Literature certainly does not exist outside of the influence of society. Dan Miron, the above quoted author, appears to ignore literature’s, and especially poetry’s, exposed position when he writes, “In short, misogyny and male chauvinism are not the issue here”, and later, “the discrimination, if it existed, was not in the ill will of the literary establishment. Instead it manifested itself in the cultural and aesthetic tastes, and in the norms and restrictions these determined” (Miron, 70). Miron fails to understand that patriarchy can present itself in many different forms: expecting the literary establishment to be solely—and uniquely— at fault for discrimination assumes a disconnection between social influences and realities, and writers. Literature is influenced both by the individual author and the social experiences of the author and the reader, which are perhaps less clear. Social experiences at the time of the poets in question, at the time Miron wrote his article, and in the present moment are inherently gendered. How do we begin to approach poetry with the knowledge that literature is not immune to gendered binaries, and has a long history of privileging the male mind?
Gilbert and Gubar, in their piece “Infection in the Sentence”, further address this centricity of male experience within Hebrew literature. Within the idea of ‘anxiety of authorship’, Gilbert and Gubar find a way to classify the almost crushing importance placed on the poetry of the first female poets; without female predecessors, each woman was creating something new, something that could be taken from her and turned to symbolize something unintended. The act of authorship opened the door wide for destruction. Women were not only writing poetry, but were attempting to do so in the ‘language of men’—was this an instance of triumphant ownership of language, or of women’s conformance and ultimate submission?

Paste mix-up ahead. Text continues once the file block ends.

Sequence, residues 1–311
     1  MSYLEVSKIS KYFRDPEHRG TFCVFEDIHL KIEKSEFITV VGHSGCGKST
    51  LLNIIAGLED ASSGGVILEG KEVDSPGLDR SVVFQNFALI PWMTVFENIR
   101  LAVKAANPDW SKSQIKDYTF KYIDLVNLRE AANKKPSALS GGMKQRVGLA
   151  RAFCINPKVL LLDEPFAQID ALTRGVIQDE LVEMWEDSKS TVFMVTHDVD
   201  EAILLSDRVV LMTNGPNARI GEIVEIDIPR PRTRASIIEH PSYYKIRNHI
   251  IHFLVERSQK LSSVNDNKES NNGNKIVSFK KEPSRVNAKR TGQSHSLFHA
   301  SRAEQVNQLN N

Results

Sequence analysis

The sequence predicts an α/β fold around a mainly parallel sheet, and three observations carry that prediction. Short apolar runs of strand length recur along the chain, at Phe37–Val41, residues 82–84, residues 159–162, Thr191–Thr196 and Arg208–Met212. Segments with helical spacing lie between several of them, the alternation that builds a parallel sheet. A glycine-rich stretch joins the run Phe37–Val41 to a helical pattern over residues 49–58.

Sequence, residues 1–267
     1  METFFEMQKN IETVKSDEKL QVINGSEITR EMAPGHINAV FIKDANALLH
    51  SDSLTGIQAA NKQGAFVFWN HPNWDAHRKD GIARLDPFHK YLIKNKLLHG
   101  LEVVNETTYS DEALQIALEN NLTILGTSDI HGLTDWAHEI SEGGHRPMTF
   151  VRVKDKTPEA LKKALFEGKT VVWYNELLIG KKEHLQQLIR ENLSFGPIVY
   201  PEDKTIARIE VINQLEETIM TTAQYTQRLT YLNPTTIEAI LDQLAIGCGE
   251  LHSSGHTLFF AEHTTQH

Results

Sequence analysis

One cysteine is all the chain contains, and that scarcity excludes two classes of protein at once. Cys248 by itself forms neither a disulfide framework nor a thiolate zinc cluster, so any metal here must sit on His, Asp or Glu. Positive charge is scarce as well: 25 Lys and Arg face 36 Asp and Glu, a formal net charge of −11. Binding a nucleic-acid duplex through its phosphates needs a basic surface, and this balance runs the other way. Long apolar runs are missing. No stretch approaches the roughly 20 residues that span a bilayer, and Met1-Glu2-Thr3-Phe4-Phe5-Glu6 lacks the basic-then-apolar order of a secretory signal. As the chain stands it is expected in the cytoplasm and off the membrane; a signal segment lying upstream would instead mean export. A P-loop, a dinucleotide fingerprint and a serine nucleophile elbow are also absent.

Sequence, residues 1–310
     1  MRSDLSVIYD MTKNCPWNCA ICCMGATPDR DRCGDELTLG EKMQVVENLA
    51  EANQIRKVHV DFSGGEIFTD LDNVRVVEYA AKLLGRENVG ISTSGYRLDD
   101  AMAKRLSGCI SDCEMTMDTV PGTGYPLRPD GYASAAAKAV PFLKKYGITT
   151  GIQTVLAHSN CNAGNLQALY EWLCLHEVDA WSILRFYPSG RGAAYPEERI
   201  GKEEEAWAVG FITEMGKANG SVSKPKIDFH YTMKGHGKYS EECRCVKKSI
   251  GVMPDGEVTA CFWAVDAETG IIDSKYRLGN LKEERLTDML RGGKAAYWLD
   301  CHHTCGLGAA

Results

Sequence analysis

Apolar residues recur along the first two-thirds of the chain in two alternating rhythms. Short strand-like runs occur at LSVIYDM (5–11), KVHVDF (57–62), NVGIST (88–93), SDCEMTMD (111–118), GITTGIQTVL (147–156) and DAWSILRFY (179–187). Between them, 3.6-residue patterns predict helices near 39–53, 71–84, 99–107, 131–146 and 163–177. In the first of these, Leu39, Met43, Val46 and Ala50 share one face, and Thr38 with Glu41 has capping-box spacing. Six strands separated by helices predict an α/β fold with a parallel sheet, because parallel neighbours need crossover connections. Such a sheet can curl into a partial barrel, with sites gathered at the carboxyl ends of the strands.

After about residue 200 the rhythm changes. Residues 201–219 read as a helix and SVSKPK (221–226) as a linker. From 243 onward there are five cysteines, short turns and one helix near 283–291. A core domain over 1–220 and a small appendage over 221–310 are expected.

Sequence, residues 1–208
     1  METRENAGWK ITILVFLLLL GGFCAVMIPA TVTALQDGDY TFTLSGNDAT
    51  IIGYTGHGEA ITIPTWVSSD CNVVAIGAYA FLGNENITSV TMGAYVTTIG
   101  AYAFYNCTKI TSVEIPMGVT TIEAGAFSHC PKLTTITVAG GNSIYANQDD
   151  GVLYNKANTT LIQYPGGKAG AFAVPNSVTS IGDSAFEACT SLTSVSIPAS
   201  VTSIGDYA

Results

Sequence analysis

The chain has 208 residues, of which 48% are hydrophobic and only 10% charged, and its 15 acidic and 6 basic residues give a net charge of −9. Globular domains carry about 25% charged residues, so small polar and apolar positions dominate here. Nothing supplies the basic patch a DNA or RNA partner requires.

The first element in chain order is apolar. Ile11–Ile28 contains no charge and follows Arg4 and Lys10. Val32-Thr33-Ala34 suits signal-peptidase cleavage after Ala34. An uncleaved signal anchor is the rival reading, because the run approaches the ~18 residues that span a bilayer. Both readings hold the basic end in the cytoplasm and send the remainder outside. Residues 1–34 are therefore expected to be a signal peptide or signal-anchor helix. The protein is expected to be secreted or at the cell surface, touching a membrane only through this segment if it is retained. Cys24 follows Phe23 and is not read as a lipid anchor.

I see the bottom line as the following: Women poets recognize in themselves the “other”; whether or not we agree with Miron’s claims that there was no discrimination, intentional or vaguely patriarchal, is irrelevant. In early Israel’s literary atmosphere, a firmly established, male-dominated literary tradition did exist that fundamentally made women’s participation “unnatural” and prevented women from easily joining the canon of Hebrew poetry. Women’s poetry, therefore, could understandably be polemical in nature. Ultimately, gender is a useful tool for understanding women’s engagement with literature, a pursuit that cannot avoid the influences of gendered society.